• 2-3 tbsp Caesar dressing (or Ranch)
  • 2 tbsp sunflower seeds
  • Optional: grated fresh Parmesan or Romano cheese

Step 1: To make croutons, cut 2 slices of old bread into cubes. Toss in 2-3 tbsp olive oil, and sprinkle on seasonings (I recommend Italian). Toast on a flat cookie sheet in an oven at 350 for 10-12 minutes, until golden. Or use store-bought, or omit entirely. Up to you.

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Step 2: Shred or slice the romaine, spinach, and kale, and pile on a plate. Top with cucumber slices, sprinkle on the seeds, peas, and croutons, and add dressing. Toss lightly to coat.

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I had this for lunch with an apple, a piece of homemade corn bread (with canned corn in it) and a big glass of water. Just a perfect amount of crunch and spring flavors to perk you right up. Now if only there was no more frost danger so I can set out my seedlings…

Kale & Wasabi Pea Caesar Salad

Ingredients

  • 2 cups assorted greens (romaine, kale, spinach used here)
  • 1/2 cucumber, washed and sliced
  • 1/3 cup wasabi peas (use fresh peas if you have them or don't like wasabi spice/flavor)
  • 1/2 cup homemade croutons
  • 2-3 tbsp Caesar dressing (or Ranch)
  • 2 tbsp sunflower seeds
  • Optional: grated fresh Parmesan or Romano cheese

Instructions

  1. To make croutons, cut 2 slices of old bread into cubes. Toss in 2-3 tbsp olive oil, and sprinkle on seasonings. Toast in an oven at 350 for 10-12 minutes, until golden. Or use store-bought, or omit entirely. Up to you.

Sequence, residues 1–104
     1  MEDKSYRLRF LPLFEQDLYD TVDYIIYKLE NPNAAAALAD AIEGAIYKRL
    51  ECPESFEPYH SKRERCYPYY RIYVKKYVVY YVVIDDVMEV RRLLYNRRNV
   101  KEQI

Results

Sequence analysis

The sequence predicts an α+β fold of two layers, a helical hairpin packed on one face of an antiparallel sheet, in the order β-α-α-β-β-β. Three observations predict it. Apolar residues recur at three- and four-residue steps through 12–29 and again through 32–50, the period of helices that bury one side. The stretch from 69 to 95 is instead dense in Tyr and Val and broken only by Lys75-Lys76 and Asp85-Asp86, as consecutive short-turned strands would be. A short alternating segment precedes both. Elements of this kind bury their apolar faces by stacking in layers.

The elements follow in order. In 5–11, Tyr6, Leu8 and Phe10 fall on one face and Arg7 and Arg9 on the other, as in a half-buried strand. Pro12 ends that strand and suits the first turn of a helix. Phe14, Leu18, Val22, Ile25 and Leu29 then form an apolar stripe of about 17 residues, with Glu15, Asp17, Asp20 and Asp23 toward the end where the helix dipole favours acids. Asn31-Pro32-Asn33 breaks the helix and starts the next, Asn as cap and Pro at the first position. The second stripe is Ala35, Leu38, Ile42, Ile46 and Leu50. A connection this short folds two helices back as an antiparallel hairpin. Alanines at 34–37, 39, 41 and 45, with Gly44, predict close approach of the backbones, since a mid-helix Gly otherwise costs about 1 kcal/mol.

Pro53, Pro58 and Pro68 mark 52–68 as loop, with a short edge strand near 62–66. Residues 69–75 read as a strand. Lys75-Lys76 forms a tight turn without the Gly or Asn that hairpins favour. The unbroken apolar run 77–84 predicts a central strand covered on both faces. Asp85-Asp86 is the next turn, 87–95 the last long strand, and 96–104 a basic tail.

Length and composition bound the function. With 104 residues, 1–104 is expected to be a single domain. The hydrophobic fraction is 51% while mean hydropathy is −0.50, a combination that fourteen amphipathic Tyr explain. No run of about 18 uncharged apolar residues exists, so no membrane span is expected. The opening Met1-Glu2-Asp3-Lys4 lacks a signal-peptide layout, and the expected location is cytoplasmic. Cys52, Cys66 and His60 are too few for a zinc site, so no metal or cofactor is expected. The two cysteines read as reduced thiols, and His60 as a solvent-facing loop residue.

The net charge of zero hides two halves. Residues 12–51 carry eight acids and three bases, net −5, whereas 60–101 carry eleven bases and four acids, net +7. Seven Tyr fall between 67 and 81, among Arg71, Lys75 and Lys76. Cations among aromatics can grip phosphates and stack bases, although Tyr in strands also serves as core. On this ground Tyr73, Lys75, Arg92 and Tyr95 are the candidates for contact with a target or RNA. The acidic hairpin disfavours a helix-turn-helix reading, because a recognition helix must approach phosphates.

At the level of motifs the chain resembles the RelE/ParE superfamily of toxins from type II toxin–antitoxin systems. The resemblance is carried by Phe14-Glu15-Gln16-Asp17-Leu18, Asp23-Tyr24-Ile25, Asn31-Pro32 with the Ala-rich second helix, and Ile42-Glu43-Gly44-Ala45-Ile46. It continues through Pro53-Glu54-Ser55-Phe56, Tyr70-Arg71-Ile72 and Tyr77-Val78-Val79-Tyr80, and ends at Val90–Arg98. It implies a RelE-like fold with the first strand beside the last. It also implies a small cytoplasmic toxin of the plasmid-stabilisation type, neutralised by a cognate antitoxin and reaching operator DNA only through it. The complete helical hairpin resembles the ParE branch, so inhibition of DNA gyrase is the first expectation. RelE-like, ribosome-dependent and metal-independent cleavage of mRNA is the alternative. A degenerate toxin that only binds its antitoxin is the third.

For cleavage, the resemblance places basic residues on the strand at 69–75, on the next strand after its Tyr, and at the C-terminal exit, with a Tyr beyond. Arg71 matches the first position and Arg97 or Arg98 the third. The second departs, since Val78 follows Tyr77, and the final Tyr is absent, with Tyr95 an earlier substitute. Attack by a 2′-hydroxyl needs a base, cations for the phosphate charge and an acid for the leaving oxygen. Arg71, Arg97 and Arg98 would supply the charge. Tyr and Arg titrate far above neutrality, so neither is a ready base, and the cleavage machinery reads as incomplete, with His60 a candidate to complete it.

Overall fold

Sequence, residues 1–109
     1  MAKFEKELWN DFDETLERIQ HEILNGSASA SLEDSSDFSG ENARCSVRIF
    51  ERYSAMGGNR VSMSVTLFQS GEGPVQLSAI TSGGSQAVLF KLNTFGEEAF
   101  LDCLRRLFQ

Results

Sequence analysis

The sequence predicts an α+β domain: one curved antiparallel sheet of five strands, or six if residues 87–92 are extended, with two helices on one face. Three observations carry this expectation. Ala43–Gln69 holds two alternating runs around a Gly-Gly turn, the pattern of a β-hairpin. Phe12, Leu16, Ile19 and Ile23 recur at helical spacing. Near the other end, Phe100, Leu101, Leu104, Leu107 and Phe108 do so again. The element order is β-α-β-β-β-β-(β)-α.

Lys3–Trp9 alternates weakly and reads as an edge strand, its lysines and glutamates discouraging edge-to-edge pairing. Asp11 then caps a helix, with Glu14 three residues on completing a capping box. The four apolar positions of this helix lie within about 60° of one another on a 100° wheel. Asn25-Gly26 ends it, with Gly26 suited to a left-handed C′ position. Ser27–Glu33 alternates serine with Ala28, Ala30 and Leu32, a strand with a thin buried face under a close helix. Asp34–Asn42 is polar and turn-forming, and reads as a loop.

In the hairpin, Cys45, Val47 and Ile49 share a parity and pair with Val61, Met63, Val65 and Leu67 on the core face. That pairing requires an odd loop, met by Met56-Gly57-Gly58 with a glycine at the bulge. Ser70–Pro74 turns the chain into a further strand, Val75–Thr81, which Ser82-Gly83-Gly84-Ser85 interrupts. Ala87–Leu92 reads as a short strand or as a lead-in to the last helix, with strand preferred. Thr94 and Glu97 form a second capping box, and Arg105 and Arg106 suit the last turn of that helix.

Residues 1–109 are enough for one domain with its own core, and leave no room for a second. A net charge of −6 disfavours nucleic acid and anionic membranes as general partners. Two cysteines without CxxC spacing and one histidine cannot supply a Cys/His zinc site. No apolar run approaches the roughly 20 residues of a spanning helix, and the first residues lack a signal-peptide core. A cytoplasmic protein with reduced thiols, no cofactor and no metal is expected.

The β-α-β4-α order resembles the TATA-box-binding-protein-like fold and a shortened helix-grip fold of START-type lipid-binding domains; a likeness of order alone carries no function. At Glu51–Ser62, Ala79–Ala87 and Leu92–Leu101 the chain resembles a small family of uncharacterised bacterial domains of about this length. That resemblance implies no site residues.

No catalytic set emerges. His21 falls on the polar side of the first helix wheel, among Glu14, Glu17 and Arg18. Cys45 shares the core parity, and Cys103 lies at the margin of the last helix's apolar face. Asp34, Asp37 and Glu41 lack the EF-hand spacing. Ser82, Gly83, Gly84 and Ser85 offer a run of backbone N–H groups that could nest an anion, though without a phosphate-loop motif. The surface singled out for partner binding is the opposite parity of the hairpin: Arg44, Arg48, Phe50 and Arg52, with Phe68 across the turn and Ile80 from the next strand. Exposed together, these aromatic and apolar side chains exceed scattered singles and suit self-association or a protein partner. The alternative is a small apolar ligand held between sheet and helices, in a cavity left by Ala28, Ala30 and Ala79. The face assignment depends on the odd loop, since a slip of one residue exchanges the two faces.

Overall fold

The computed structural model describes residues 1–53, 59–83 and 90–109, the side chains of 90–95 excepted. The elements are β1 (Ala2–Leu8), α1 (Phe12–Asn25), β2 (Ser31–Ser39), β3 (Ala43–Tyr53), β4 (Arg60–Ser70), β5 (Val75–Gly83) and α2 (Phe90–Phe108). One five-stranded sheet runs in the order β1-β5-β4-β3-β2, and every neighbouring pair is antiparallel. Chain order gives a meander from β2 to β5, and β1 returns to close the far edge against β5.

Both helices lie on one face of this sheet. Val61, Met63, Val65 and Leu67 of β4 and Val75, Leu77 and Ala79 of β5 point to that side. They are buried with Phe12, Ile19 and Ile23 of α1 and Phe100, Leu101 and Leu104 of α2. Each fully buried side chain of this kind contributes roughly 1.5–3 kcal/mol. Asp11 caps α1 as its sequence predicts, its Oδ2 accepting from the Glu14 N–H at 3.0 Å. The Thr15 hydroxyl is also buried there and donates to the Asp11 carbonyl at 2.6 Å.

2. Shred or slice the romaine, spinach, and kale, and pile on a plate. Top with cucumber slices, sprinkle on the seeds, peas, and croutons, and add dressing. Toss lightly to coat.
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This post contains links from the Amazon Affiliates program. If you purchase these items through these links, the price you pay is not affected yet a portion of the proceeds go towards maintaining this blog (and my gardening addiction!). Thank you.

Roast Beef & Garlic Bread Au Jus

 

For those who have been to fancy restaurants and wondered what “au jus” meant, fear not, I have the answer! It is a French term meaning “in it’s (own) juices”.  Therefore, any meat cooked and served with the cooking liquid is au jus.

The most popular au jus meat is of course beef. And the most popular way to serve it is of course as a dipping sauce with a roast beef sandwich. Though jus can be prepared separately from the main dish, for example by reducing beef stock to a slightly thicker sauce, it is best when made using the actual meat with which it is to be served.

In this recipe, I made a beef rump roast which we ate for dinner day 1 with some roasted winter veggies. I saved the jus, and the following day served the leftover roast beef on thick garlic toast drizzled in the jus with some rice on the side. It is fall-apart tender with flavor to spare, and the jus packs a punch all its own. I’d recommend this double-day pleaser anytime.

Ingredients:

  • 1 5-6 lb beef roast
  • 1 plastic roast bag, or crock pot liner
  • 1 packet roast seasonings; or
    • 1 tsp black pepper
    • 1 tsp garlic
    • 1 tsp thyme
    • 1 tsp rosemary
    • 1-2 tsp sea salt
  • 2 large potatoes, diced
  • 2 celery stalks
  • 1/2 cup brussels sprouts
  • 2-3 large carrots, diced
  • 1 cup water or beef stock

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Step 1: Brown the roast in a frying pan over medium heat. Sear until dark brown on all sides, then set aside to cool. Place the meat, seasonings, veggies, and water into the steaming bag. Either cook on high in a crock pot for 2-4 hours, or in an oven set to 350 for 1 1/2 hours.